Finance, however, was no barrier to God. The shop underneath the hall had by this time changed hands, with the proprietor trading under the name of Estelle Modes, selling prestigious gowns and dresses for ladies. The business, just like attendance at Cromwell Hall above the shop was also booming. More space was desperately needed to store stock, as well as a sewing room to make new garments, and so the assembly were given notice to quit the room.
The owner of Estelle Modes could not wait until funds were available and a new hall was built or purchased, and so from the start of 1958, the assembly were forced to move into temporary accommodation, initially in the Wesleyan Mission which had closed down, situated on the corner of Chapel Street and Rostron Street. This is where the assembly had hoped to settle; however the size made many uneasy about purchasing the property. After approximately six months at the Wesleyan Mission, the assembly once more relocated, this time on to the main Stockport Road, hiring a room in the Town Hall. Midweek prayer meetings were held at the Baptist Church, Essex Street; the road later being renamed as Elmsworth Avenue.
During their short stay in the Wesleyan Mission, it was decided to embark on building a new hall, with the help of assemblies throughout the country. With the rented room being incorporated back into Estelle Modes, and not used as a separate building, the name of Cromwell Hall was available to be transferred to the new hall, which it was; hence the new hall was not called Marshall Hall or Levenshulme Gospel Hall.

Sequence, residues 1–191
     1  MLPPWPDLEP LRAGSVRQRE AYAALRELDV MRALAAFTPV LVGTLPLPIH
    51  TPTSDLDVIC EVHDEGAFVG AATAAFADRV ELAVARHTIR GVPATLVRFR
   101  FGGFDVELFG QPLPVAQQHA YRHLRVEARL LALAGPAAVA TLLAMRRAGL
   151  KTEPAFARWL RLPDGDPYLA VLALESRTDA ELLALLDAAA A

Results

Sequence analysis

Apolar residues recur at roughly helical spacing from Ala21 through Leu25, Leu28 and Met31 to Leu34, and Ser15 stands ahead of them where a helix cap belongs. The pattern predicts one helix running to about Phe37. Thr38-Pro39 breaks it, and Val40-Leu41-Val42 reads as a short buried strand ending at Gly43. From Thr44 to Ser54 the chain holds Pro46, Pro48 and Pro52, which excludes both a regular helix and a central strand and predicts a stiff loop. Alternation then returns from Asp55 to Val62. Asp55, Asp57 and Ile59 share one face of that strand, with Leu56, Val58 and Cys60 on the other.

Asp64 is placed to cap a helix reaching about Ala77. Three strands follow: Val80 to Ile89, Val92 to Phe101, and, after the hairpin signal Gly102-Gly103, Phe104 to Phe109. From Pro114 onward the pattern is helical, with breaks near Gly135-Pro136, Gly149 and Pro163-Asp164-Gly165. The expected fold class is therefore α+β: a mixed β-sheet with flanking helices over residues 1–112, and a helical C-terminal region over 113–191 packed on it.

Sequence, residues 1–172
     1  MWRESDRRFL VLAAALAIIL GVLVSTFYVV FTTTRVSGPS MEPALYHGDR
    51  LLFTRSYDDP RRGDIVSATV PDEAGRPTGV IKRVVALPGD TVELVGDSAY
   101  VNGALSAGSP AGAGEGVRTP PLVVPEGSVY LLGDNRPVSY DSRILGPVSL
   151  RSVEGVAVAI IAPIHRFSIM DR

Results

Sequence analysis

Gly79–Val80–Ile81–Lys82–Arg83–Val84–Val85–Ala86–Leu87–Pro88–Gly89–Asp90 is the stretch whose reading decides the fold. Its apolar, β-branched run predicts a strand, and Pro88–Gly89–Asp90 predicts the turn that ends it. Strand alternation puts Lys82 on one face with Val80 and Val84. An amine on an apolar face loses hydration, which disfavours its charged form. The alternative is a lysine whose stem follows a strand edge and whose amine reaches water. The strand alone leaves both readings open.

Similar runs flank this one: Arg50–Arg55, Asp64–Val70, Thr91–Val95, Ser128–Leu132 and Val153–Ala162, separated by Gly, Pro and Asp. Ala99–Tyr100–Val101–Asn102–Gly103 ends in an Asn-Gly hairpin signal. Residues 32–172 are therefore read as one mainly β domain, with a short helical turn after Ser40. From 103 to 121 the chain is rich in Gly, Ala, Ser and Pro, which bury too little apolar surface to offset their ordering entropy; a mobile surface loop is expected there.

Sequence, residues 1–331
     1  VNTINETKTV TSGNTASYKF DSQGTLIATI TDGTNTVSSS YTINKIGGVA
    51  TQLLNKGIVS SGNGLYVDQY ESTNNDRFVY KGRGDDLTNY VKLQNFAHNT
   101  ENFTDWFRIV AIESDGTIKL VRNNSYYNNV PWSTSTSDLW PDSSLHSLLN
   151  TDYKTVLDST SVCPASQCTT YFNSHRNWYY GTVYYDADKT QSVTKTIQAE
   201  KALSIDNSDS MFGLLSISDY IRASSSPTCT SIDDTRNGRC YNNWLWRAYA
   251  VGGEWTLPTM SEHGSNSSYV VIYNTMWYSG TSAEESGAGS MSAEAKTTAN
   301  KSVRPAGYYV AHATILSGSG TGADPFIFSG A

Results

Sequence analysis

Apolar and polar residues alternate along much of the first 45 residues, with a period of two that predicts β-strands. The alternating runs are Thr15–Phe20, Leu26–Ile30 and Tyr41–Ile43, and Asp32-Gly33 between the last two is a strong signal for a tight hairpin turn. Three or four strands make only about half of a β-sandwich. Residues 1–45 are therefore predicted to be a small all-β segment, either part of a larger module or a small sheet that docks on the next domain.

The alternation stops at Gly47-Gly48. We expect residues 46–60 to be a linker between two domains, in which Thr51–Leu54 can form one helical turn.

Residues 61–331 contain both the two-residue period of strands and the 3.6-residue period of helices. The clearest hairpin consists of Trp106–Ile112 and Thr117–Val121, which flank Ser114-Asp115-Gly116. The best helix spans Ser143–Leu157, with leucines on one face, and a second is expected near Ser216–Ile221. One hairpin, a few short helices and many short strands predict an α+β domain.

Once all possible sites had been considered, a piece of land in Marshall Road, which had never been built upon was selected, despite reservations that to reach the new hall, many Sunday School children would have to cross Stockport Road, which was becoming increasingly busier.
The land was bought, and even before building work could commence, the assembly had received an unsolicited offer to purchase the land for residential development. Nothing but a House of God was going to be built there!
The local paper at the time reported, "Work on a new £5,000 building is now well under way at Marshall Road, Levenshulme. This building - the new Cromwell Hall - is expected to be completed and opened sometime this summer.
More than 40 years ago, a few Christians rented a hall at the comer of Cromwell Grove and Stockport Road for the purpose of preaching the Gospel. Cromwell Hall was born.
Since then, it has sought to return to the 'kind of simplicity found in the churches of New Testament times'.
At the end of 1957, it was necessary to leave the Cromwell Grove premises and, since then, plans for a new and better building have been drawn up. In the meantime, meetings have been held at Levenshulme Town Hall.
The new hall in Marshall Road will have accommodation for about 200 people and is being built entirely from voluntary subscriptions, without recourse to the usual methods of raising funds.
The total cost of the building and its furnishings is expected to be just over £5,000 and the Christians who will meet there emphasise their belief that 'God dwelleth not in temples made with hands' and that the church is not the building but the company of Christians who meet there."
Building the new hall was just like any other building project - fraught with problems! Work began in the Spring of 1959, but not until after the assembly learnt that the main contractor was experiencing financial difficulties and was forced to transfer the contract to one of his sons.
Although Tom Shepherd and Benjamin Waterhouse put a great amount of effort and work into the new building, especially as Mr. Waterhouse was the main architect assisted by his son John, neither gentleman saw the completed building both died while the construction took place.
Would, after all these setbacks, the hall be ready for September? It needed to be - a wedding was due to take place.